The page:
Muted Christmas in Iraq

While millions of Christians celebrate, threats against Iraqi churches force the cancellation of celebrations.

    Iraq's Christian community have gathered despite continued threats, to mark Christmas in the same church where, less than two months ago, dozens of members of their community were killed in an attack.

    The walls of the church were marked with bullet holes, and plastic sheeting still covered the gaps where glass windows were shattered.

    "No matter how hard the storm blows, love will save us," Matti Shaba Matouka, an archbishop told his congregation.

    Photographs of the dead parishioners were placed in front of the altar, and two black cassocks hung from the walls, representing the two priests killed in the attack.

    Outside the building hung a homemade sign that said the church would prosper during times of oppression.

    Armed men had stormed the Our Lady of Salvation church in October, taking more than 120 people hostage in a siege that ended with 58 people dead.

    Days later, a string of bombings outside Christian homes and in Christian neighbourhoods had occurred.

    In the aftermath of that attack, Iraqi church officials cancelled many Christmas celebrations, like appearances by Santa Claus or evening mass. The toned down celebrations are being seen as a sign of respect for the suffering the community has undergone.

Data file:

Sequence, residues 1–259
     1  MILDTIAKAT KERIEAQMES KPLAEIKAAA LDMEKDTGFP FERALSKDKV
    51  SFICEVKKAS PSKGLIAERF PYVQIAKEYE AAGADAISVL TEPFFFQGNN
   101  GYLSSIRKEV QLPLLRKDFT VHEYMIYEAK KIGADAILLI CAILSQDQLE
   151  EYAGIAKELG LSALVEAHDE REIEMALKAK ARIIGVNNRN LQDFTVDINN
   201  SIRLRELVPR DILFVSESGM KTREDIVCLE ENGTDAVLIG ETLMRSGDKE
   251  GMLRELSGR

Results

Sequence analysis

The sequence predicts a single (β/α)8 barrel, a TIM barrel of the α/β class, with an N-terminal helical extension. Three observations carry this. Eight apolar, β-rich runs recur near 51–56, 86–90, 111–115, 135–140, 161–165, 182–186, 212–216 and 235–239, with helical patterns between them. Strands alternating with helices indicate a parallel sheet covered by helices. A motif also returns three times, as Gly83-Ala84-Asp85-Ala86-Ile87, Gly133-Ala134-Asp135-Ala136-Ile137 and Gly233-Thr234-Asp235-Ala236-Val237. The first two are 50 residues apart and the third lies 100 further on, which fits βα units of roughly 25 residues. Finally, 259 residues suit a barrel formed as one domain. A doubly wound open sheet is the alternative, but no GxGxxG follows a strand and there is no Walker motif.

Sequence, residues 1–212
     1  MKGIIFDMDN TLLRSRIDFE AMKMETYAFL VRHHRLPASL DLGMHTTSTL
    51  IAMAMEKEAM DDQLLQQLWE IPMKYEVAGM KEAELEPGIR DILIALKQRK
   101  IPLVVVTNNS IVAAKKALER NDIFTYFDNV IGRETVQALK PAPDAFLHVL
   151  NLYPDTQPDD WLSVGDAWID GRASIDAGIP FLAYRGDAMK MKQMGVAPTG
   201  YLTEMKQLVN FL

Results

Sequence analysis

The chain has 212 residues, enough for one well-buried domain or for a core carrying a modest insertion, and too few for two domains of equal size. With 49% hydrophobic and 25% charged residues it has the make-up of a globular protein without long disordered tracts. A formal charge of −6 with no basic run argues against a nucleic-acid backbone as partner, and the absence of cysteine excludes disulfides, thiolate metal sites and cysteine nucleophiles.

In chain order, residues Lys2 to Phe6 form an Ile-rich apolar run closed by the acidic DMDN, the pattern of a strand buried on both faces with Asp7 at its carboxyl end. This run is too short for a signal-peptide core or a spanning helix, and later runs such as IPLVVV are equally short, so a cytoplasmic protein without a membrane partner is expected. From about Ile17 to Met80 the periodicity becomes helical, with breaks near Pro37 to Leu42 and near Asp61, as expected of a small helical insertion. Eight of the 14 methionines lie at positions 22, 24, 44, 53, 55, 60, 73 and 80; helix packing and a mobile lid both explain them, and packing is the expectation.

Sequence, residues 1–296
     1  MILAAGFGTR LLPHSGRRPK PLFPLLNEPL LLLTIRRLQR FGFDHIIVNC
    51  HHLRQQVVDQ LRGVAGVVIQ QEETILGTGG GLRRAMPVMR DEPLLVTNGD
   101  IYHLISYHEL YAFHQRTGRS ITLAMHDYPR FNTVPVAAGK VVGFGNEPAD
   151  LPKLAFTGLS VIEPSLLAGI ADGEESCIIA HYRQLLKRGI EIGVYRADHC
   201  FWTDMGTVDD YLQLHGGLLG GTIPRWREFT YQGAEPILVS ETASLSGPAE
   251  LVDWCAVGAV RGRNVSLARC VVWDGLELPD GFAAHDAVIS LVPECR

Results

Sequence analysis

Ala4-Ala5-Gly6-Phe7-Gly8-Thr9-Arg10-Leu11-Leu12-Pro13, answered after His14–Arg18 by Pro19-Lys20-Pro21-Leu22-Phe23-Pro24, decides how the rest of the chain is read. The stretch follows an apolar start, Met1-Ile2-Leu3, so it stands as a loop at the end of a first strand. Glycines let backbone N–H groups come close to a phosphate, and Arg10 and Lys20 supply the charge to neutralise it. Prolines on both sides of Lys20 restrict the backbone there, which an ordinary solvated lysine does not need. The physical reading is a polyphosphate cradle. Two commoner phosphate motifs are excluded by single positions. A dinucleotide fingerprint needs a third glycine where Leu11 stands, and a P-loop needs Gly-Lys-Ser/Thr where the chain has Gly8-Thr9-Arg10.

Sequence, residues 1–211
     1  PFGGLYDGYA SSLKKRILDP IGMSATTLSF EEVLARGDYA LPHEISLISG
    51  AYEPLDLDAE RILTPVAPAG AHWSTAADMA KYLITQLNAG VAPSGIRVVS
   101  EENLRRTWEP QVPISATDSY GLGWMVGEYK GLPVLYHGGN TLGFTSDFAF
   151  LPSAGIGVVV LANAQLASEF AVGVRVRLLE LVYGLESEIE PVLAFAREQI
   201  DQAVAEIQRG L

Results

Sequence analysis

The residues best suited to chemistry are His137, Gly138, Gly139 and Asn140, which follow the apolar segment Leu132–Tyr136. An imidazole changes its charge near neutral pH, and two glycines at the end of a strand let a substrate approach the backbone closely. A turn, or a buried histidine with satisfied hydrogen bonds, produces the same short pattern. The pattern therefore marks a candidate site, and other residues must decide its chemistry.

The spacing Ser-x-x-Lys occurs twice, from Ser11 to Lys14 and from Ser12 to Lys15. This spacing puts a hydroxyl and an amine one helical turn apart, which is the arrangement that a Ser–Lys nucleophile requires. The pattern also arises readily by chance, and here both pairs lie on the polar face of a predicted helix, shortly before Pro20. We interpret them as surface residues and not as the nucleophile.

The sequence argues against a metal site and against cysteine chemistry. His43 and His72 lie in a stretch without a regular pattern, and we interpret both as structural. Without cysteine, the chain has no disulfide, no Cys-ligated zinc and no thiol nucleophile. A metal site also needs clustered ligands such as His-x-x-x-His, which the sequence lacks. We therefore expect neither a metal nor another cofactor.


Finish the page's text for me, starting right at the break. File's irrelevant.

Some parishioners said they had not bought a Christmas tree and felt little cause for joy on the holiday. Others said they were too afraid to even leave their homes much of the time.

    "Who can celebrate anything in church anymore? Even if they paint it, rebuild it, what's in the heart is in the heart, it can never go away," Suhaila Albert, a local churchgoer, said.

    Albert was leaving the city on Christmas eve to spend the holiday in northern Iraq.

    Others feel that the tragedy has strengthened their resolve to stay.

    "The church was baptised by the blood of the martyrs. It gave us more motivation to come to the church and to celebrate Christmas in spite of what has happened to us," said Laith Amir, another churchgoer.

    "I love my country. I buried my parents here. I can't leave it," said Adiba Youssef, a 52-year-old woman who came to the morning service with her family.

    "We believe in God, and he will protect us."

    SOURCE: Al Jazeera


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